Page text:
Colin Gleadell in The Telegraph February 2019

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Computer generated artificial intelligence (AI) is having an effect on virtually every human activity in advanced society. But although it permeates the workings of the art market, in research and marketing for instance, it is still in the early stages of development in relation to the making of art.

Last year, Christie’s sold its first example at auction – an algorithmic composite of historic portraits created by Obvious, the Paris collective, for a 45-times estimate of £337,000. Whether this was a case of novelty factor will be tested next month when Sotheby’s offers its first AI work at auction.

Memories of Passersby 1 is two video screens of subtly changing male and female portraits devised by Mario Klingemann, a leading artist, estimated at £30,000 to £40,000.  The AI market, though, is tiny. It has arrived and is unlikely to disappear, but the technical demands of maintenance and operation still worry average art collectors. Most of the creative action is going on beyond the glare of the auction rooms and commercial galleries.

Next month, Jake Elwes, one of the brightest new talents in the AI art firmament, will be acknowledged with a commissioned project at the Zabludowicz Collection in north London. Anita Zabludowicz is one of the leading contemporary art collectors in Britain, known for the admirable way in which she supports and exhibits young artists.

Elwes studied fine art media at the Slade School, where he became the first student to code computer programmes to make art. He had considered studying computer science and philosophy at Oxford but, coming from an artistic background, decided to develop his creative instincts at art school instead.

Luke Elwes, 2018, Paintings from the Ganges at the Frestonian Gallery CREDIT: FRESTONIAN GALLERY

Luke Elwes, 2018, Paintings from the Ganges at the Frestonian Gallery CREDIT: FRESTONIAN GALLERY

These instincts were probably in his blood. His great grandfather, Simon Elwes, was a go-to society portraitist in the Twenties, much favoured by the Queen Mother. 

Jake’s father, Luke, is a painter too. Starting out with portraits, Luke has since embarked on an intriguing journey as a landscape painter. Eschewing photographic realism, he has captured the essence of places from Bungle Bungle in Australia to, most recently, the River Ganges.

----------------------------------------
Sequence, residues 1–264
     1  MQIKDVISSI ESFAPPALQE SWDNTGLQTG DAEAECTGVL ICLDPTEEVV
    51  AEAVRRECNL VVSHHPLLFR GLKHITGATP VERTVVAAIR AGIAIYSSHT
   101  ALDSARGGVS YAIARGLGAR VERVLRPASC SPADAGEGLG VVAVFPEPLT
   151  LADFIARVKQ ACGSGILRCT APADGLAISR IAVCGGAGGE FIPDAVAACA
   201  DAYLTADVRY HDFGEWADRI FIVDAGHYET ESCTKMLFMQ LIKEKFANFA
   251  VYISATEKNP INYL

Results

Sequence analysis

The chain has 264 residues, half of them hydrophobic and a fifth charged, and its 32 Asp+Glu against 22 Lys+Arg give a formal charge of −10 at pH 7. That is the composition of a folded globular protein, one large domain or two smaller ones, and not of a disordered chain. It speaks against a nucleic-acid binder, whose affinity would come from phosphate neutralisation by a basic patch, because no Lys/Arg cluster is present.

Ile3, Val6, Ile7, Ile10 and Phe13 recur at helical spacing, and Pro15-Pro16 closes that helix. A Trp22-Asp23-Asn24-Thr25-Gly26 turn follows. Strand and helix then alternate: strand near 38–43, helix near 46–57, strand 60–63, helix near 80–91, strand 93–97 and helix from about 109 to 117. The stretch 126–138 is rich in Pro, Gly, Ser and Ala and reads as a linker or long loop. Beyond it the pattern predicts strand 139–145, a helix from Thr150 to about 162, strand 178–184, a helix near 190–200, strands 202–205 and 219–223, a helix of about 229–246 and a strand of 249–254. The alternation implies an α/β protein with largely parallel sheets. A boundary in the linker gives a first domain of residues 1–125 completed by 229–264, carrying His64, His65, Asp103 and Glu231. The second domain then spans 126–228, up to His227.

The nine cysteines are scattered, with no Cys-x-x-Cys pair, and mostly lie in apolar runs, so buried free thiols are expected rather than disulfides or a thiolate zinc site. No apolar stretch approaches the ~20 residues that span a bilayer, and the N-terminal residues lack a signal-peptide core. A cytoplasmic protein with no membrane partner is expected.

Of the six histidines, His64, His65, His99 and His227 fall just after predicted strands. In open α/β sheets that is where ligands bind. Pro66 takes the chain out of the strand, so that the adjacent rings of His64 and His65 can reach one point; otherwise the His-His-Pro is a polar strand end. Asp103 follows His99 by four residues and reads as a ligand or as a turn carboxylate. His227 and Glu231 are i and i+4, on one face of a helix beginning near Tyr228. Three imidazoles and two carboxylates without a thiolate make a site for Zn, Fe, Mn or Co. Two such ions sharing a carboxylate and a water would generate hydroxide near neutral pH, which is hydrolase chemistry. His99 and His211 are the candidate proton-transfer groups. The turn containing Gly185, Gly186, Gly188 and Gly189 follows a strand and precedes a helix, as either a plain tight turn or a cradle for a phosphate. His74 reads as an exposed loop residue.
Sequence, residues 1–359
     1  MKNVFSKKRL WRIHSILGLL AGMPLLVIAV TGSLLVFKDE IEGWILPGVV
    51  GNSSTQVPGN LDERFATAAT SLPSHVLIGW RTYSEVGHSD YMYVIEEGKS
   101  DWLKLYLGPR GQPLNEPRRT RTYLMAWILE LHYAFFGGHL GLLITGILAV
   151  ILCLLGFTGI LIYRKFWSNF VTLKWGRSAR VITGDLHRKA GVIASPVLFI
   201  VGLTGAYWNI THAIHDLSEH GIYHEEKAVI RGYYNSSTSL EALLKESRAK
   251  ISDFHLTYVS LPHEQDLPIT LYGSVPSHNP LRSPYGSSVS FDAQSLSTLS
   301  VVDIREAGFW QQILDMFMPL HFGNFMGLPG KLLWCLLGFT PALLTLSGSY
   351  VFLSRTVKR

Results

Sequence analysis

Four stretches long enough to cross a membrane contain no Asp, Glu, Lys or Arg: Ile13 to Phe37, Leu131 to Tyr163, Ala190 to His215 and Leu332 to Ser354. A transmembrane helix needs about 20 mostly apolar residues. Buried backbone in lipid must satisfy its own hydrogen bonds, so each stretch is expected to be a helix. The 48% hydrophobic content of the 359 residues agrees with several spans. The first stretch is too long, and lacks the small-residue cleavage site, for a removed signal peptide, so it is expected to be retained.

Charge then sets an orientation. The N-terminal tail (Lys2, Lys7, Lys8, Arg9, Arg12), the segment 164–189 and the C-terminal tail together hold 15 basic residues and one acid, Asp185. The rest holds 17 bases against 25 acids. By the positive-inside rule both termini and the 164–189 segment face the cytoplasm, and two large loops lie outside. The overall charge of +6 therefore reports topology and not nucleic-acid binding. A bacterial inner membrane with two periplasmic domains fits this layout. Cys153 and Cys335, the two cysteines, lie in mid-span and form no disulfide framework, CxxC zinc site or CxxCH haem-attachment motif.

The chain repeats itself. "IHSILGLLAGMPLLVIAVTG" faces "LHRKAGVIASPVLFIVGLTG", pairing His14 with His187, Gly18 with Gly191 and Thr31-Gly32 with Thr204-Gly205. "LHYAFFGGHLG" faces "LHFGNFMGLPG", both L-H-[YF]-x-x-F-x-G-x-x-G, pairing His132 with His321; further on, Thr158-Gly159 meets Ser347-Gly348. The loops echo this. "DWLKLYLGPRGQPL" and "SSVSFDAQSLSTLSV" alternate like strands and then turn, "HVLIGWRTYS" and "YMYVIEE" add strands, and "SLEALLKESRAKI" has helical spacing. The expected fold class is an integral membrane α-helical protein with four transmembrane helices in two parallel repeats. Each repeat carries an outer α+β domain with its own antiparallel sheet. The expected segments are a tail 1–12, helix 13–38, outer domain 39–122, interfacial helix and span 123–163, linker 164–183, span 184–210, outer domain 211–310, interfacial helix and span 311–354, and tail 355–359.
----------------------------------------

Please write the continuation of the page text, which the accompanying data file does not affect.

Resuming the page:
Luke recalls that, at school, Jake struggled because of dyslexia, but developed remarkable computer skills. Slade professor David Burrows says: “Jake was singular in my time in teaching in working with AI. Importantly, he managed to combine his interest in design and AI with an interest in aesthetics to produce engaging work.”

Luke Elwes, 2018, Paintings from the Ganges at the Frestonian Gallery CREDIT: FRESTONIAN GALLERY

Luke Elwes, 2018, Paintings from the Ganges at the Frestonian Gallery CREDIT: FRESTONIAN GALLERY

At his degree show in 2017, Jake exhibited three videos made entirely by computers that he had programmed or coded. One visitor was Steve Fletcher, who had been running a gallery specialising in new media art. Fletcher says he immediately recognised Elwes’s work as, “exceptional… Not only was the work technically interesting, but it was interesting to look at.

“It showed a deeper understanding of technology than most other artists working with AI, not least because he had done the coding himself and brought an aesthetic sensibility that produced arresting, seductive images. In one piece, Latent Space, for instance, he set the computer up to roam without direction, almost in a dreamlike state.”

Luke Elwes, 2018, Paintings from the Ganges at the Frestonian Gallery CREDIT: FRESTONIAN GALLERY

Luke Elwes, 2018, Paintings from the Ganges at the Frestonian Gallery CREDIT: FRESTONIAN GALLERY

While their methods are different, Jake’s latest project is not so far removed from his father’s. The family has stayed for many years on the Essex coast, on Osea Island and at Landermere, which are populated in season by migrant birds – curlew, oyster catchers, waders and lapwings. Elwes used machine learning to search for images of these marsh birds.

“The computer didn’t know what a marsh bird was, but it managed to select the most evocative looking, and compiled composite images of them,” says Elwes, who then placed them in the mud and filmed them, projected on a perspex screen, capturing a slow interplay between nature and its artificial relatives.

How much of the end product is the work of algorithms or curated by Elwes may not be easy to tell, which is what makes this kind of AI art special.